A number of globalisation theorists, including Kaldor and Muro, have jumped into this debate, arguing that a third causal explanation can be put forward to understand the recent wave of nationalism: globalisation. They ascribe this resurgence to the decline in secular left-wing ideologies after the collapse of Communism; increased global insecurity, including economic insecurity deriving from ‘declines in state provision and public employment, rapid urbanisation, … and large scale migration’ [Kaldor & Muro: 2003]; and the rise in ‘global interconnectedness and the sense of impotence that arises when crucial decisions that affect everyday life are taken further and further away’ [ibid.]. This process represents a rejection of modernity, a reaction to outside forces not fully understood, perceived as threatening, and which prompt an irrational, often violent response. People would turn to this form of nationalism for fear, ignorance or desperation, while political elites would stir these feelings for their own opportunistic goals. To prove this, globalisation theorists point to the interaction between militant nationalist groups, Diaspora communities and the ‘new media’ – especially the Internet. Citing examples ranging form the Rwandan genocide to the post-Yugoslav conflicts in the Balkans, they argue that we are witnessing the emergence of a new type of nationalism, rooted in the deep social, economic and cultural transformations brought by globalisation.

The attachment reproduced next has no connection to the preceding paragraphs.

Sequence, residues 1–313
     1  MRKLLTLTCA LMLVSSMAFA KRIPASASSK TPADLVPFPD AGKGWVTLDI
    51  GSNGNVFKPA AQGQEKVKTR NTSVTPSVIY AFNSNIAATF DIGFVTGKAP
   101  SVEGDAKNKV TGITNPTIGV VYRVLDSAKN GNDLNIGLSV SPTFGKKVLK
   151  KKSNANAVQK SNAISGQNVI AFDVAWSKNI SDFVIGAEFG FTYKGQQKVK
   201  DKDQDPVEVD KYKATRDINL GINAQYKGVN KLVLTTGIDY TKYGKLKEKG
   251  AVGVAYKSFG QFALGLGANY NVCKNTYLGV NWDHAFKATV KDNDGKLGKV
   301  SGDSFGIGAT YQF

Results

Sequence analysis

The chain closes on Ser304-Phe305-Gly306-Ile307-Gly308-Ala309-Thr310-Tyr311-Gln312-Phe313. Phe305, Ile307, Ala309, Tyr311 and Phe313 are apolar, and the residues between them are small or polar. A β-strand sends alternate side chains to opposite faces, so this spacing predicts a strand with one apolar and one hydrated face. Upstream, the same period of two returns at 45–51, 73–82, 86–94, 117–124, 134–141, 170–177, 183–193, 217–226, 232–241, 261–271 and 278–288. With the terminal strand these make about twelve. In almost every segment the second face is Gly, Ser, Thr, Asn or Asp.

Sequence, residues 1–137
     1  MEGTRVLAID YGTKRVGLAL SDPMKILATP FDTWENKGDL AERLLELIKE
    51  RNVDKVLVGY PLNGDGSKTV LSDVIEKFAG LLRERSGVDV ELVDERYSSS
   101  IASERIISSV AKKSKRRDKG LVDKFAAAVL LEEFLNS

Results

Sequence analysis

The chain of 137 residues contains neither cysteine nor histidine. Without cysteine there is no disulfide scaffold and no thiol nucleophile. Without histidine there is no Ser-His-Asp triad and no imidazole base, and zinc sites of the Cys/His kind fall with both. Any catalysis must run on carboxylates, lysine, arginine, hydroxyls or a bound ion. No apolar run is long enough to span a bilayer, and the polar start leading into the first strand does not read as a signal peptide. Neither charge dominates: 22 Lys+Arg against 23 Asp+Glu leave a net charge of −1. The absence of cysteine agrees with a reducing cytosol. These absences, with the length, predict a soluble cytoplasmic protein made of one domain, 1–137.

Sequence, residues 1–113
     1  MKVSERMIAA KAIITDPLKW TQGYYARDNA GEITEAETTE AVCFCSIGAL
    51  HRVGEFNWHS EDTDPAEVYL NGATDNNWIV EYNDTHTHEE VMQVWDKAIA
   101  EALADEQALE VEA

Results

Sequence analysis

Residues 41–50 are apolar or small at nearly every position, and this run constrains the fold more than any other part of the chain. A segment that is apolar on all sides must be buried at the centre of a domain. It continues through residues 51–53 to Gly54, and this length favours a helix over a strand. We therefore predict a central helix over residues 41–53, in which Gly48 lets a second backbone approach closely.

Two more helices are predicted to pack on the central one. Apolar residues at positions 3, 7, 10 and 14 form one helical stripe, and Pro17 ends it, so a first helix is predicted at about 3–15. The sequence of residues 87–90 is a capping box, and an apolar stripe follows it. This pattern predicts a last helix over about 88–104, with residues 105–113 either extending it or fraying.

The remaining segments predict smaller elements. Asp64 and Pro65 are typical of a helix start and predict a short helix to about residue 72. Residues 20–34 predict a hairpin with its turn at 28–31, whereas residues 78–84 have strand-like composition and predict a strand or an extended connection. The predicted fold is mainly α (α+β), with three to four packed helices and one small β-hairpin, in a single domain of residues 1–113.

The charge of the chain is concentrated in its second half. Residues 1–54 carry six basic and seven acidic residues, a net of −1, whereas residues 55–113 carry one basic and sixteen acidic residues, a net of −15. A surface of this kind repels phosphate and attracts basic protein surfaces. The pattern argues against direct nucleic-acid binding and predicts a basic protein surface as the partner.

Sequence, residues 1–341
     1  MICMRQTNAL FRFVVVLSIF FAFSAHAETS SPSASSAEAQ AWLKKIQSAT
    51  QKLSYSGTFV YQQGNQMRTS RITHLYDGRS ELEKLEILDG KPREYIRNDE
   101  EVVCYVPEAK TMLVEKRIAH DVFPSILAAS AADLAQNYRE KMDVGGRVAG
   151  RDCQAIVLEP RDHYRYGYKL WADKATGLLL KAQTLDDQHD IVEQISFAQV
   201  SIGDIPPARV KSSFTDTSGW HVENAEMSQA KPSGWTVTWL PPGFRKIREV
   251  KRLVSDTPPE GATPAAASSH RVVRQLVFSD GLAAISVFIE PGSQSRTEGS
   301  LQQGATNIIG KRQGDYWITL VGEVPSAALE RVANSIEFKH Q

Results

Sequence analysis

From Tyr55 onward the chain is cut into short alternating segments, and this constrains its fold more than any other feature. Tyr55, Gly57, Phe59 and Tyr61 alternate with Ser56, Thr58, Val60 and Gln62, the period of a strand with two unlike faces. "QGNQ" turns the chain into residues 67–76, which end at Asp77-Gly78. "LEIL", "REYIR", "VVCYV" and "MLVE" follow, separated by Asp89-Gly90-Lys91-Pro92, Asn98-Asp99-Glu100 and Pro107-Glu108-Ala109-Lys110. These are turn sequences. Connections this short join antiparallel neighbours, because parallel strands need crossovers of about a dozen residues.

In my view, there is a fundamental flaw in this causal logic, which is well encompassed in Justin Rosenberg’s critique of globalisation theory more in general, but which fits very well this specific case: ‘By asserting that the emergence of a single global space as the arena of social action increasingly outweighs in its consequences other kinds of causality which have traditionally been invoked to explain social phenomena, globalisation theorists invert the explanandum with the explanans’ [Held & McGrew: 2003]. In other words, Kaldor and Muro are elevating structure – increasing spatial interconnectivity, new information technologies, disparate Diaspora networks, uneven patterns of economic transformation – to the level of agency, and in so doing, they are inverting the causal logic of nationalism. The Internet, after all, has been used during the Bosnian War as a tool by both nationalist forces and human rights activists besieged in Sarajevo, and its use is hardly an explanation for why the nationalist conflict emerged in the first place. Equally unhelpful is the example of the Diasporas, which does not help us understand why do these networks feel so strongly about their national status in the first place? It would appear, in the words of Anthony Smith, that a deeper causal logic has to be used, one that reconnects nationalism to the feelings of people ‘sharing an historic territory, common myths and historical memories’ [Smith: 1991]. In this sense, globalisation as explanans conflicts with the broader understanding of globalisation as a process, which helps us frame social change, but not necessarily understand its causes.